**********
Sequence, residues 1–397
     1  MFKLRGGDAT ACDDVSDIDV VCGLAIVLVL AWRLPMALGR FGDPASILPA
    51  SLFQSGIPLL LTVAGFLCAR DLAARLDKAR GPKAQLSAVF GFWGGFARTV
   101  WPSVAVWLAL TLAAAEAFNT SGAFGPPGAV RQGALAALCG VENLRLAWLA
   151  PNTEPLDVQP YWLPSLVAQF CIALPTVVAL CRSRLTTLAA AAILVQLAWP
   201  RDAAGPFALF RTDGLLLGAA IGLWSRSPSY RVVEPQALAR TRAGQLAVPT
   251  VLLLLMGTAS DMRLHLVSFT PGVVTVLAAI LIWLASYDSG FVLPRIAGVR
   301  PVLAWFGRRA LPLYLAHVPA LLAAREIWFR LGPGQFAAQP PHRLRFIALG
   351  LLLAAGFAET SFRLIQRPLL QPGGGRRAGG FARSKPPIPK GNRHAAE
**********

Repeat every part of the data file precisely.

Sequence, residues 1–397
     1  MFKLRGGDAT ACDDVSDIDV VCGLAIVLVL AWRLPMALGR FGDPASILPA
    51  SLFQSGIPLL LTVAGFLCAR DLAARLDKAR GPKAQLSAVF GFWGGFARTV
   101  WPSVAVWLAL TLAAAEAFNT SGAFGPPGAV RQGALAALCG VENLRLAWLA
   151  PNTEPLDVQP YWLPSLVAQF CIALPTVVAL CRSRLTTLAA AAILVQLAWP
   201  RDAAGPFALF RTDGLLLGAA IGLWSRSPSY RVVEPQALAR TRAGQLAVPT
   251  VLLLLMGTAS DMRLHLVSFT PGVVTVLAAI LIWLASYDSG FVLPRIAGVR
   301  PVLAWFGRRA LPLYLAHVPA LLAAREIWFR LGPGQFAAQP PHRLRFIALG
   351  LLLAAGFAET SFRLIQRPLL QPGGGRRAGG FARSKPPIPK GNRHAAE